Janet reports, “In 1999, I was diagnosed with Hepatitis C, which made me ineligible for insurance (denied for pre-existing conditions). I live in Colorado, and they had a high-risk pool that covered people like me. I applied for that and was accepted.
“My premiums in 2010 were $275/month with a total out of pocket of $2,500. [While I was on] this plan, my liver failed, and I needed a liver transplant. It was approved without a question. My $600,000 transplant was covered 100% with a $2,500 out of pocket maximum!
When Obamacare went into effect, Colorado’s high-risk pool was closed. “I was forced into the regular marketplace that everyone was telling me was a good thing because I couldn’t get denied. I think my first year on that policy, my premiums were in the $450 range—which I thought wasn’t too terrible, but still more than I had been paying.
“The thing I noticed from the start was that instead of full coverage, almost everything I needed was denied, which threw me into the world of having to appeal (sometimes several times) to get the basic care I needed.
“Since then, my premiums skyrocketed. In 2017, I paid $735 a month with total out-of-pocket costs of $5,500. In 2018, my premiums went up to $1,100 a month with a deductible of $6,300. Once I hit that mark, I’m covered 80%.
“Further, none of my anti-rejection meds are on the formulary of my insurance. If I could not afford them, my body would most certainly reject my liver, causing another liver transplant that would not be covered 100%.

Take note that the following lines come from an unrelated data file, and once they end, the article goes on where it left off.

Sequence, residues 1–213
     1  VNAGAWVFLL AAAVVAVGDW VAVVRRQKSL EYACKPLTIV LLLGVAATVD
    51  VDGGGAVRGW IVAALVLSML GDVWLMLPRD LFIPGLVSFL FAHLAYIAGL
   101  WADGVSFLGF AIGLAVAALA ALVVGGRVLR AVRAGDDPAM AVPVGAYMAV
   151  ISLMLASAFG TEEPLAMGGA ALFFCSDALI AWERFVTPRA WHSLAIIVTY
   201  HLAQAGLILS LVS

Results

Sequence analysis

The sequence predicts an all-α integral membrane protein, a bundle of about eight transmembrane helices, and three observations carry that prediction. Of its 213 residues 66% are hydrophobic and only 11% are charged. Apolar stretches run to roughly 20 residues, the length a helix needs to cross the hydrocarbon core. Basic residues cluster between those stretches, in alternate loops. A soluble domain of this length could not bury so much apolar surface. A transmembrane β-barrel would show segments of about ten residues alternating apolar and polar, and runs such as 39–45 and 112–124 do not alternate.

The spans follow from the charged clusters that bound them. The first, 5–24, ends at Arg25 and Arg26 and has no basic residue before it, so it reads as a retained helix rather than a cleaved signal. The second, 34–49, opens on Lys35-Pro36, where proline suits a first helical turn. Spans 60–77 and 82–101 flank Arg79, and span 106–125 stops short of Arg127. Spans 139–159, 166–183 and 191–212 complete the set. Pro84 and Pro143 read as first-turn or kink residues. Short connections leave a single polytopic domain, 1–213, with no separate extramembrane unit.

“I don’t get any credits from the government to reduce my premiums. Those of us who are self employed, but make more than the threshold for tax credits wind up footing the whole bill ourselves. I have to spend $19,500 before my insurance pays anything, and it doesn’t cover all my prescription costs. My old plan was almost a third of what I have to pay now.
“I have many friends and work associates in the same boat as me. Many of them are doing without insurance and are betting that they won’t need more than what they can afford to pay out of pocket. I cannot do that, because if something happened and I needed another transplant, it would bankrupt my family.
“The system is broken beyond imagination.”
How our plan would help:
Janet is an example of a patient who needs extra help with medical expenses. Putting her into the same insurance pool with everyone else means her special medical needs aren’t being met and that she, along with everyone else in the pool, must pay higher and higher costs for insurance.
Under our plan, Colorado could revive the high-risk pool that worked for Janet before Obamacare. Or the state could create new ways of providing extra help for people like Janet with expensive medical conditions so she can get the medicines and treatment she needs while keeping her premiums and deductibles at a more reasonable level.
Under our plan, states would need to show that a fixed percentage of the grant money is being spent on those with greater health care needs. Obamacare does not do this.* And our plan does.
*Obamacare initially provided funds for a federal high-risk pool, but that ended as the exchange coverage began.